Is strata right for me? This is a personal question and each strata is different. When you are buying into a strata you are buying into a community and you should carefully read through the Form B package, the rules, minutes, and bylaws to ensure that who your are matches the “personality” of the community. When in doubt don’t be afraid to call the strata council president.
The Strata Form B is a large stack of documents, should I get a lawyer to review? Most of these documents are strata rule and minute and are not written by lawyers, they are written by your strata council and should be easy to understand. Unfortunately legal review of these minute is not as effective as a your own personal review as it is most important that you (and not your lawyer) feel comfortable with the way the community if being run. This being said, I always encourage my clients to, after reading the minutes, give me a call when any specific items of concern they may wish to discuss.
What are some red flag in the strata Form B package and minutes? Things to watch out for include: discussion of future repairs, reoccurring problems and disputes, and dysfunctional or disinterested councils.
What is a property depreciation report and how can I tell if a strata contingency fund is “fully funded”? Each strata is required to commission a property depreciation report every three years. This report sets out models which detail how the building will require maintenance and upkeep over the next few decades and can assist in foreseeing the likelihood of special assessments. Each depreciation report sets out three funding models and by comparing the current state of the contingency reserve and the monthly CRF contribution to these models you can determine how closely the strata is following the reports recommendations.
Under the Strata Property Act, a Contingency Reserve Fund (CRF) is established to pay for extraordinary expenses, but under the Act, the amount in the CRF was established by a formula (which had NO relationship to the age of the building!) Furthermore, the amount of contribution to the CRF was CAPPED, unless an ¾ vote was obtained to had additional contributions (hard to plan for the future).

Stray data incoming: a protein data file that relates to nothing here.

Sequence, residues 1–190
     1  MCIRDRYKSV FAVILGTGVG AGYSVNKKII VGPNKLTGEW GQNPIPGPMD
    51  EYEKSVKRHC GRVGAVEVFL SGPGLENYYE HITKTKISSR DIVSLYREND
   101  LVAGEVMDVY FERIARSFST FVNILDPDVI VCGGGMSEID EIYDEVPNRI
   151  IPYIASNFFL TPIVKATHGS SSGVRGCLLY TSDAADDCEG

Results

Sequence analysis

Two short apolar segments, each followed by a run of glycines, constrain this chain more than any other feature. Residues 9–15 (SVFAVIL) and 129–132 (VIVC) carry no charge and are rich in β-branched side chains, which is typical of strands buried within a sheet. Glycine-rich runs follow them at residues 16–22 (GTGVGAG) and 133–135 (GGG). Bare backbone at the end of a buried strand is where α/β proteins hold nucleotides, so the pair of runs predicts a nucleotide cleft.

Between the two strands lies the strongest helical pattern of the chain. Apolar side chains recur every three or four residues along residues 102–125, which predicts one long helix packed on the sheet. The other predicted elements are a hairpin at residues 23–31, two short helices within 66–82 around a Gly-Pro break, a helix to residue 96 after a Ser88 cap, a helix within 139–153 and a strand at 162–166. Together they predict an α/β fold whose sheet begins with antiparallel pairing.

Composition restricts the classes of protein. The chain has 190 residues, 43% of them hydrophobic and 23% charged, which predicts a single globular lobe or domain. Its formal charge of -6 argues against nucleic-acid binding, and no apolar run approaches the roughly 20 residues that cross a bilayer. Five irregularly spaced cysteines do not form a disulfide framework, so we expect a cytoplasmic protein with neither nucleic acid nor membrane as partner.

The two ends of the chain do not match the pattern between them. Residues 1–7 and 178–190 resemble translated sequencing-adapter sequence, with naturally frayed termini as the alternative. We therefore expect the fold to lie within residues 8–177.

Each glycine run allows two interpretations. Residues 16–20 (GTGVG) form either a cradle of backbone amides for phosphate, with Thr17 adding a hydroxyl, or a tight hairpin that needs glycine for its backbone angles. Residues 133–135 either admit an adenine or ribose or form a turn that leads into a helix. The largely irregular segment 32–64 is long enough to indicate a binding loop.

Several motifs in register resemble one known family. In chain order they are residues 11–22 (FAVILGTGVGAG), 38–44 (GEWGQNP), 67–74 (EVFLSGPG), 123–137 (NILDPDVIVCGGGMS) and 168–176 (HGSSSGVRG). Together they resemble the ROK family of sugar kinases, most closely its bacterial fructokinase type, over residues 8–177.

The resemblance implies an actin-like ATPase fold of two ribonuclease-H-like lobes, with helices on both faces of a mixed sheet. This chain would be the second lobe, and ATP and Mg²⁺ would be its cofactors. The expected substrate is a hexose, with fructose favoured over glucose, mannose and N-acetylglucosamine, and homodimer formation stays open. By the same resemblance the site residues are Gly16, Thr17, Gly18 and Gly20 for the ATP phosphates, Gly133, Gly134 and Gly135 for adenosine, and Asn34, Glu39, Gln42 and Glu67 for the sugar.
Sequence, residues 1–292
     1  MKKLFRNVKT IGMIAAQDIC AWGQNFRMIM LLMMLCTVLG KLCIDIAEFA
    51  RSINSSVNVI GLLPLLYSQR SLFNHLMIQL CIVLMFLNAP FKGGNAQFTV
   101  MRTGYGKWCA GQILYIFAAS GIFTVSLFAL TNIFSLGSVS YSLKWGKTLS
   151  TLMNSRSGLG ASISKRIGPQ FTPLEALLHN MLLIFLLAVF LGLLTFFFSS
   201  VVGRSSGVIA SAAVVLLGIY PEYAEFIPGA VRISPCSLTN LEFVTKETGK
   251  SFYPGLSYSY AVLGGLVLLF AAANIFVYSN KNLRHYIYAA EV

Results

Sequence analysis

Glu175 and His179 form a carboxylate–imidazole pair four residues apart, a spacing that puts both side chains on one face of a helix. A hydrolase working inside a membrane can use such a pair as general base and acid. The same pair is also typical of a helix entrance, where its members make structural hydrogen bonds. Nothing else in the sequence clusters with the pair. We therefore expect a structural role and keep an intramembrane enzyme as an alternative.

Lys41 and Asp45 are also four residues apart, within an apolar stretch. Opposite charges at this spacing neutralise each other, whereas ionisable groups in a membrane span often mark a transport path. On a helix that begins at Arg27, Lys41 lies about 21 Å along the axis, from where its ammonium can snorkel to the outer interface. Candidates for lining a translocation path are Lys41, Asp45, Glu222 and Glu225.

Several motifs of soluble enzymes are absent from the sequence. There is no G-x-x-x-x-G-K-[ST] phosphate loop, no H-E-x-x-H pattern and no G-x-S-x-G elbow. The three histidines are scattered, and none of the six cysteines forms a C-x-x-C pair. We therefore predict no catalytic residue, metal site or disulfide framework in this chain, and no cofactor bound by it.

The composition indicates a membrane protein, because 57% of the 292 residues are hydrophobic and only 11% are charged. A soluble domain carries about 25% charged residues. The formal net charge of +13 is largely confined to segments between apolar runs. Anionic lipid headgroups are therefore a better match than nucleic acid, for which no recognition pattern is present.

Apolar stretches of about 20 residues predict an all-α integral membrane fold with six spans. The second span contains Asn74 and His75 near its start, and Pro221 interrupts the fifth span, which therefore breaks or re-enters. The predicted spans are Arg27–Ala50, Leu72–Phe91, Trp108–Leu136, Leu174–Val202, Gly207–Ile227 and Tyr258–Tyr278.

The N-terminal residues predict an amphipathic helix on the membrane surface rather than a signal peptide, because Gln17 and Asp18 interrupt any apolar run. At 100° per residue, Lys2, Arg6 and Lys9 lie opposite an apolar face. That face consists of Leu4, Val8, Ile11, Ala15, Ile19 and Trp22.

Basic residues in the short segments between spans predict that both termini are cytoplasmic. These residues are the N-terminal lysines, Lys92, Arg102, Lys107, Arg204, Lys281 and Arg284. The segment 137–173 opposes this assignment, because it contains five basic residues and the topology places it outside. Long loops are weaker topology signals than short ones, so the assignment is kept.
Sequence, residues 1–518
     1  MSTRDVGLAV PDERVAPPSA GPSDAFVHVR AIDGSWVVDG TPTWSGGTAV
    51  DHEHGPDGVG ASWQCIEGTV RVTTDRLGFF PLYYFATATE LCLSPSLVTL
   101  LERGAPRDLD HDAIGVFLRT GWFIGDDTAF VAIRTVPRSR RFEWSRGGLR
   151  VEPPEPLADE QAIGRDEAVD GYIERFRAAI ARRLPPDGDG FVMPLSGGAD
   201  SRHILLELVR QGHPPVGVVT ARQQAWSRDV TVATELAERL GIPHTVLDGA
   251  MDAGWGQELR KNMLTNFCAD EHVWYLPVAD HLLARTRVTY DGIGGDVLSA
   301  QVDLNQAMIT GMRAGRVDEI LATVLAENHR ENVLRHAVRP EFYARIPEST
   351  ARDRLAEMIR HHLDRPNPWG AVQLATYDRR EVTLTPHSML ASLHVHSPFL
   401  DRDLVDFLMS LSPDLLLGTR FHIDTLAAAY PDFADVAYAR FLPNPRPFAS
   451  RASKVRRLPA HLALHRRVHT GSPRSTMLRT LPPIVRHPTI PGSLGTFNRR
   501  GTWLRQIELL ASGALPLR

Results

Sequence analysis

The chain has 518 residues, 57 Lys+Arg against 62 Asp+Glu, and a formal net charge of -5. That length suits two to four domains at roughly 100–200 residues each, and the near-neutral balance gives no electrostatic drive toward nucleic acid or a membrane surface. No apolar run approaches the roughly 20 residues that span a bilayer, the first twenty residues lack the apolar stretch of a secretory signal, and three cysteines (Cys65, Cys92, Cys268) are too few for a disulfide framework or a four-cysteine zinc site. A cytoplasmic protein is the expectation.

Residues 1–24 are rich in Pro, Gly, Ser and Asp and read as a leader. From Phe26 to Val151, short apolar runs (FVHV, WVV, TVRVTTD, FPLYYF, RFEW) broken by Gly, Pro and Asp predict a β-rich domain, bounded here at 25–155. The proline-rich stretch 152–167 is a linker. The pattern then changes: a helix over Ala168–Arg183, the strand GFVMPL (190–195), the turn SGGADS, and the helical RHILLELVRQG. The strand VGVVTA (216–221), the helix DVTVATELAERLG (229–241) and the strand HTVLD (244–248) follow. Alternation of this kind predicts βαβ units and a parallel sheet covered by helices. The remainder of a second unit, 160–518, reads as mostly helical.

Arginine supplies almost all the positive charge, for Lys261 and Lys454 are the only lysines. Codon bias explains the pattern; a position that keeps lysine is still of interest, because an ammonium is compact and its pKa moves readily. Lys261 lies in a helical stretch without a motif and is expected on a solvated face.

There were amendments to the Strata Property Act in 2009 for stratas to commission Strata Depreciation Reports on the policy basis that long term planning and maintenance will prolong the lifecycle of building systems and reduce premature failure.
Now in British Columbia, Strata Corporations (with 5 or more units) are required to commission a Strata Depreciation Report by DEC 13, 2013 or to pass a s.94(3) resolution (with ¾ vote) for an 18 month exemption to this new legislated requirement. Importantly, this does not create a “separate fund” for repairs, but educates the strata council if their current contingency fund is “in line” with expect future costs. Strata Councils are required to update reports every three years
A Strata Depreciation Report includes:
Physical Inventory of Assets
Evaluation based on on-site Inspection
Repair, Renewal and Maintenance Costs for a 30 year plan
Three Year Cash Flow Models
Reports Are a MANDATORY attachment to the Strata Form B with Kelowna Home Buyers receive from their Realtor.
This Form B now must also include:
The rules of the strata corporation;
The current budget of the strata corporation;
Any rental disclosure statement;
Current strata depreciation report
Parking Stall and Storage Locker information;
When reviewing the Strata Depreciation Report, Kelowna Home Buyers should ask:
Is the Form B complete (containing current Rules, Budget, Rental Disclosure, and Depreciation Report)
Does the Buyer understand the Report?
Has the strata deferred its Report obligations under s.94(3)?
Does the financial forecast in the Report and the strata budget align?
Should anything in the Report be reflected in the Purchase Price when analyzing comparators?